Kullberg attempted to compare cingulotomy and capsulotomy in the treatment of 26 patients in a randomized fashion. Six of 13 capsulotomy patients and 3 of 13 cingulotomy patients were better but transient deterioration in mental status was much more marked after capsulotomy than after cingulotomy. Recently two prospective studies were concluded that attempted to evaluate the efficacy of cingulotomy and capsulotomy in OCD. Using the best available research methodologies and well accepted rating scales of disease and outcome, exhaustive pre and post operative evaluations were carried out. Of the capsulotomy patients, 45% had clear cut improvement and in cingulotomy patients 39% were improved.

    Based upon these methods of comparison, the clinical superiority of any one procedure is not convincing. While many centers claim advantages for their specific surgical intervention, at this point we are unable to determine whether one of the four major psychosurgical procedures is superior to the others. Cingulotomy is the treatment of choice in this country whereas in Europe, capsulotomy and limbic leucotomy are more prevalent. They all appear roughly equivalent therapeuticly but in terms of unwanted side effects, cingulotomy appears to be the safest of all procedures currently performed. Regardless of the choice of procedure, surgical failures should be investigated and if the lesion size or location is suboptimal than consideration should be given to a repeat procedure. In 5 of the 24 patients in Mindus series, a significant correlation was found between neuroradiologic ranking of a target site and the psychiatric outcome suggesting that the site and extent of lesion may be important factors influencing outcome. At least 45% of patients undergoing cingulotomy require repeat operation with good results being salvaged in half. Repeat surgery in capsulotomy patients has been reported as 20%. The exact size or volume of tissue required for an effective outcome at each of the target sites has yet to be determined.

    The method used for creating the lesion itself does not appear to influence results or complication rates. There is some interest in the potential use of external radiosurgical techniques for psychosurgery but this remains controversial. Although radiosurgery does not require introduction of a subcortical electrode, it remains a surgical procedure with a small but significant complication rate. Little is known about the exact dosimetry required for satisfactory lesions and the latency to onset of beneficial effect as radionecrosis develops may not be reasonable for patients who are in grave psychiatric condition. In view of the proliferation of radiosurgical centers and the inexperience of these same groups with psychosurgery, the potential for misapplication of this technique is great.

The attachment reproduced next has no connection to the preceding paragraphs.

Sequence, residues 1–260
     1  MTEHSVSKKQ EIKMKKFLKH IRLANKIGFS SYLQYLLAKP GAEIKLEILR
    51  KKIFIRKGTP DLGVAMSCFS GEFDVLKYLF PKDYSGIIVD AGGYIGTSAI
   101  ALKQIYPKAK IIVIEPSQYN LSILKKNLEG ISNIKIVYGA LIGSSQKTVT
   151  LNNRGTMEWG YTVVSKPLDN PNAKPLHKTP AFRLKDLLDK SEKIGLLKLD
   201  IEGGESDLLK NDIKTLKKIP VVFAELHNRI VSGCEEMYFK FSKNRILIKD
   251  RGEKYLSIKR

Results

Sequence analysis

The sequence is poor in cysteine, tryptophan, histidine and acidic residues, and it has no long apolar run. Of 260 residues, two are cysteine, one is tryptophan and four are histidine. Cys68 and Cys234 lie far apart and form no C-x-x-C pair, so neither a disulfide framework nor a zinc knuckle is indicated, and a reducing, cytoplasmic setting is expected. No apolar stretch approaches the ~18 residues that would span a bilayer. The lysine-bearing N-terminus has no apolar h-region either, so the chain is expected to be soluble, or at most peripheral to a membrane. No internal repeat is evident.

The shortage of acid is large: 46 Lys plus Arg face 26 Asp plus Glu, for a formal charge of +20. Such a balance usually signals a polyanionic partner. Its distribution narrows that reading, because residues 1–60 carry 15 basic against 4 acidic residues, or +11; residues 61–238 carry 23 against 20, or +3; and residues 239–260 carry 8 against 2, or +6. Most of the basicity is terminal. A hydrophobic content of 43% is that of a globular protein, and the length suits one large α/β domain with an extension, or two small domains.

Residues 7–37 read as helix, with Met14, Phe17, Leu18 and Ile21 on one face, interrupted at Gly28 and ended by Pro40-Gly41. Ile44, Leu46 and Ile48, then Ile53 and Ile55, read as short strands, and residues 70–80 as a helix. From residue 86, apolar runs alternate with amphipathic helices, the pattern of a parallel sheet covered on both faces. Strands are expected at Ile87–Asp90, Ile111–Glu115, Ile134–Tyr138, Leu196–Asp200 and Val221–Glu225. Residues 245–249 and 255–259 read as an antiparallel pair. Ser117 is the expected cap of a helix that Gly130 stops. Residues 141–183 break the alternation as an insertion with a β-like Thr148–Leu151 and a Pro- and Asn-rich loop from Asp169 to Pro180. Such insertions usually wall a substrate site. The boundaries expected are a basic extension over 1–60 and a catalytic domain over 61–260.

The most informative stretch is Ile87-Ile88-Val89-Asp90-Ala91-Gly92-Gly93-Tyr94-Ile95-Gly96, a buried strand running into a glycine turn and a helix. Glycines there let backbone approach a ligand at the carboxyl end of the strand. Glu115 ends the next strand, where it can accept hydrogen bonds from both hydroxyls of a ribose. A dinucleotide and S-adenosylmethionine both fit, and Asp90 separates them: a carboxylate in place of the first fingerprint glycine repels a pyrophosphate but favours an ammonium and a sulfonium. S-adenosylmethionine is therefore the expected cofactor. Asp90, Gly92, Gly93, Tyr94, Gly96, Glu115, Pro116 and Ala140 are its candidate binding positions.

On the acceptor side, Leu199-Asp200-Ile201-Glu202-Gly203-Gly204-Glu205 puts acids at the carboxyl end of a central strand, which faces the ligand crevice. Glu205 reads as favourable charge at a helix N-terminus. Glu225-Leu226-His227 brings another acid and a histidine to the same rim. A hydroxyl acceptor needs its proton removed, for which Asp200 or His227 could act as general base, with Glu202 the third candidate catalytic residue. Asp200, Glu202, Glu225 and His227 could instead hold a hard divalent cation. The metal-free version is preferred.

While controversy exists regarding the exact choice of surgical procedure to be employed, there is unanimous agreement that the presurgical evaluation be performed by committed multi-disciplinary teams with expertise and experience in the surgical treatment of psychiatric illness. Diagnosis based upon the DSM classification scheme is encouraged and although it is impossible to mandate uniformly across all centers , prospective trials employing standardized clinical instruments with long term follow-up are needed. Comparisons of preoperative and postoperative functional status remain an important parameter in addition to target psychiatric symptoms, in characterizing outcome. All centers with experience emphasize the importance of rehabilitation postoperatively and the need for ongoing psychiatric follow-up. The operation is not a panacea and should be considered as only one aspect in the overall management of these patients. Despite the advent of new and effective psychopharmacologic agents it is generally felt by centers employing this form of psychosurgery, that the procedure is underutilized. Caution must be urged however regarding the surgical treatment of psychiatric disease to ensure that the indiscriminate application of this form of therapy never recurs.

CONCLUSIONS

    The surgical treatment of psychiatric disease can be helpful in certain patients with severe, disabling and treatment refractory major affective disorders, obsessive compulsive disorder and chronic anxiety states. Psychosurgical treatment should only be carried out by an expert multidisciplinary team with experience in these disorders. Surgery should be considered as one part of an entire treatment plan and must be followed by an appropriate psychiatric rehabilitation program. Many patients are greatly improved after surgery and the complications or side effects are few. Surgical intervention remains an important therapeutic option for disabling psychiatric disease and is probably underutilized.

Acknowledgements:

    We are indebted to H. Thomas Ballantine Jr MD, Ned Cassem MD and Ida Giriunas RN for their insight, experience and guidance and to Rosemary Dolan for her expert secretarial assistance.

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Disclaimer About Medical Information: The information and reference materials contained herein is intended solely for the information of the reader. It should not be used for treatment purposes, but rather for discussion with the patient's own physician. All visitors to this and associated sites from the Neurosurgical Service at MGH agree to read and abide by the the complete terms of legal agreement found at the Neurosurgery "disclaimer & legal agreement." See also: the MGH Disclaimer, the MGH Privacy Policy, and the MGH Interactive Program Disclaimer - Copyright 2005.